But winning the White House won’t be his only goal, deputy campaign manager Hildebrand told Politico: In an unusual move, Obama’s campaign will also devote some resources to states it’s unlikely to win, with the goal of influencing specific local contests in places like Texas and Wyoming.

“Texas is a great example where we might not be able to win the state, but we want to pay a lot of attention to it,” Hildebrand said. “It’s one of the most important redistricting opportunities in the country.”

Texas Democrats are five seats away in each chamber from control of the state legislature, which will redraw congressional districts after the 2010 census.

 

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Comments

Alaska & North Dakota

This is all true, but there is no redistricting in Alaska and North Dakota. They are at-large seats.

Virginia and Georgia make more sense.

I don't see it.

First, I should point out that the Obama campaign expects to have a significantly larger war-chest (the May numbers notwithstanding) and much better organization, GOTV and otherwise, this autumn.  So they can afford to play McCain into the back court, if not full court press, and tempt/force McCain to spend time/money on states he'd otherwise consider safe.

But as for the state-by-state logic of "small ball"...

Alaska: McCain's not actually ahead by that much.  The last Rasmussen poll (16 Jun) puts McCain up by only 4 points, which is down from 7-9 points a month earlier.     And again, no redistricting, although I'm sure the Dems wouldn't mind holding more state legislatures.

Colorado has been "purpling" and is in play.  'Nuf said.

Florida has been purple for a while now and is more in play every week.  'Nuf said.

Georgia is very close per the latest Insider Advantage poll.  Obama thinks he can get out the black vote.

Iowa has purpled so much it's looking quite blue.

Indiana is within the margin of error in recent SurveyUSA polls.  They may have convinced themselves that they can press McCain there.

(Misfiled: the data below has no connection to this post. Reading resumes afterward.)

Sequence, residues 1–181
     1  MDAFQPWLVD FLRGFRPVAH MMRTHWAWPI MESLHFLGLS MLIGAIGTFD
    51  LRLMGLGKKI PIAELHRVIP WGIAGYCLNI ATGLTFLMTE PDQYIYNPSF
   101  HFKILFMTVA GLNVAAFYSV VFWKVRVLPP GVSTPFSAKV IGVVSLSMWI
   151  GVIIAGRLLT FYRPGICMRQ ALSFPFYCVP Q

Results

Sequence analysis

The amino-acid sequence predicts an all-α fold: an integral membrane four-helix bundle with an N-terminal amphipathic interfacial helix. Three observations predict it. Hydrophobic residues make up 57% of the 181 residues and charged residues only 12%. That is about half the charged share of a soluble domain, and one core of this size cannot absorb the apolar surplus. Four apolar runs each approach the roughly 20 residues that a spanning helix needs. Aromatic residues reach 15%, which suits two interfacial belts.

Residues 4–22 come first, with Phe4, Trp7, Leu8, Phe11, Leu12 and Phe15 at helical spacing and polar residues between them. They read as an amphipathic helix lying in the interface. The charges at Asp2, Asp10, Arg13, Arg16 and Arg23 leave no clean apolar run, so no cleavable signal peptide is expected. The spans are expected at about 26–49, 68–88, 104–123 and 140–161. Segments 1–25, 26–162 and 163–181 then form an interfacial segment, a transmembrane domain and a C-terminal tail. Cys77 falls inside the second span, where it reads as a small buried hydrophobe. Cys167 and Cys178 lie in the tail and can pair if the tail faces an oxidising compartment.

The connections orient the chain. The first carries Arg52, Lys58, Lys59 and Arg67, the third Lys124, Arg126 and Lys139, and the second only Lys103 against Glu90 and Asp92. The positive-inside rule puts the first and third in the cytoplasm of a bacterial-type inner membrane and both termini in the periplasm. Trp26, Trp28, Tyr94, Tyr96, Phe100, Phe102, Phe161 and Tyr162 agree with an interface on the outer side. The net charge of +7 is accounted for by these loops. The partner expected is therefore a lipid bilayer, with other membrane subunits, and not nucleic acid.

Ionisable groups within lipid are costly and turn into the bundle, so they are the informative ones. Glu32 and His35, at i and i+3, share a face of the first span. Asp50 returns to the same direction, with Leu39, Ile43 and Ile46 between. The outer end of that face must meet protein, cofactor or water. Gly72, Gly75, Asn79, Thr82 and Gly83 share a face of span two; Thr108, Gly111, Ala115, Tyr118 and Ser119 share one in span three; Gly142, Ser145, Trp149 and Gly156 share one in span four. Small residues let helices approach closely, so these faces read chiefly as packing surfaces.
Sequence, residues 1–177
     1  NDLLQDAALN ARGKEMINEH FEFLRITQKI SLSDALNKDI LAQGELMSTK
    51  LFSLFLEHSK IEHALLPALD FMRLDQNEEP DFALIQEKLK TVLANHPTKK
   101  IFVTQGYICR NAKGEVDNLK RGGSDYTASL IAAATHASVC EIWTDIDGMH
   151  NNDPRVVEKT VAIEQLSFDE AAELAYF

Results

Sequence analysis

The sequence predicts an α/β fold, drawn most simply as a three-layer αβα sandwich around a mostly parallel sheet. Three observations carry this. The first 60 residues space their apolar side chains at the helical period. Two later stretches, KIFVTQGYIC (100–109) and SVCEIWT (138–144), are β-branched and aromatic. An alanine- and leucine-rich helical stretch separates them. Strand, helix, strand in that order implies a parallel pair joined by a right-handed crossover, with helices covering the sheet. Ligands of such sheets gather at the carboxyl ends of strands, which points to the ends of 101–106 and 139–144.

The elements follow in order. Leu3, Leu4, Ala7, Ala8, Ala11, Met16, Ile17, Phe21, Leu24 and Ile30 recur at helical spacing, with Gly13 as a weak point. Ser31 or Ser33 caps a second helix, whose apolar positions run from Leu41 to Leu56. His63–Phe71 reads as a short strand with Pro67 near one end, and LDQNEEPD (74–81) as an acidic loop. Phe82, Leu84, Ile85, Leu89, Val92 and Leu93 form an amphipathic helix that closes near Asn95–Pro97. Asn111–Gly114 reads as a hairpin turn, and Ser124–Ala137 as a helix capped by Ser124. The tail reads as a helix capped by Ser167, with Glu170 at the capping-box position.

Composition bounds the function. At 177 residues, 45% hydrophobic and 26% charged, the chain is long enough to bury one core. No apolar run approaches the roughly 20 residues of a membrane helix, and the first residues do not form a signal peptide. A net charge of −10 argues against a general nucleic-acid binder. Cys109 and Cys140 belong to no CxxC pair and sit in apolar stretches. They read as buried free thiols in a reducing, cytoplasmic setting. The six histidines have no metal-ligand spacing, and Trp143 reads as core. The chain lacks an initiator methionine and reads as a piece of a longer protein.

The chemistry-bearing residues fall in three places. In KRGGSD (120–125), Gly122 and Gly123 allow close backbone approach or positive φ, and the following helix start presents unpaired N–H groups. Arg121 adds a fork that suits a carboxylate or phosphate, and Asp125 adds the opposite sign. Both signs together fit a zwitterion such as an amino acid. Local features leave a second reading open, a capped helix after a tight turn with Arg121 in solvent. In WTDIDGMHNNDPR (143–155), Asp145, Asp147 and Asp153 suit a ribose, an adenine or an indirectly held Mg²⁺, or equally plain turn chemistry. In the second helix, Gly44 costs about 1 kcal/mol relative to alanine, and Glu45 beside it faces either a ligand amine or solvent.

Michigan was looking at-risk in May of going to McCain.  A little defense there might not hurt.

Missouri went purple in late May/early June.

Montana would make sense if there was any possibility of redistricting, but like Alaska and North Dakota, it has only one district.  Maybe Obama thinks he can expand the map there, too, or perhaps he just feels generous and wants to help out the state houses.

Nevada is in play; it's within the margin of error lately.

New Hampshire seems to like McCain more than it likes other Republicans, so this may be a case of playing defense.  And, they already control both state houses.  (It's only a two-district state anyway; how much gerrymandering can they do?)

New Mexico is in play, again.  At least margin-of-error, favoring Obama.

North Carolina has only a thin lead for McCain.  Again, Obama may figure he can win this one, perhaps in part by getting out the black vote.

North Dakota I don't even know about.  Haven't seen a poll from there in months. But again, only one district.  No gerrymandering.

Ohio is once again in play, favoring Obama at the moment.  Definitely a state to fight for.

Pennsylvania is a state no Dem wants to lose, for obvious reasons.  Some pundits have said it's in play for McCain, but... eh.

Wisconsin isn't quite a lock for Obama, and it's been close in the last couple of elections, so that's probably a bit of defense.

Virginia is considered in play, margin-of-error favoring Obama.

 

The more likely explanation, to me, is that Obama is simply fighting on the battlegrounds and expanding the map where he smells blood in the water.

1. With the exceptions of Oregon and Connecticut, every state that was within 4 points in 2004 or is within 5 points in the latest poll is being targeted with advertising.  (*Edit: I guess Minnesota was within 4 points in 2004, barely, but is looking more secure this time around.)

2. Montana, North Dakota, and Indiana were all strong Republican in 2004 but are polling as only likely-Republican now.  The same goes for West Virginia, South Carolina, Mississippi, and Louisiana, but when it comes to the south, Obama's probably looking for verifiable weakness; only North Carolina and Georgia are close now.